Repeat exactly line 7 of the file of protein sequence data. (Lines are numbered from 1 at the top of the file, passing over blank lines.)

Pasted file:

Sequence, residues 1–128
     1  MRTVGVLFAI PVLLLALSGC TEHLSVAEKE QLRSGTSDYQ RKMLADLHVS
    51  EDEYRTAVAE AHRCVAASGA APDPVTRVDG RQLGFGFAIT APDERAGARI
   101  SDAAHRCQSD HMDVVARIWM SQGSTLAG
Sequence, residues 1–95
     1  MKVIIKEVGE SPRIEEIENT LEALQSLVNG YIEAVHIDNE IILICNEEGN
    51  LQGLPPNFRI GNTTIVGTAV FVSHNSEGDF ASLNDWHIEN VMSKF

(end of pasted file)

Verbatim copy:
    51  LQGLPPNFRI GNTTIVGTAV FVSHNSEGDF ASLNDWHIEN VMSKF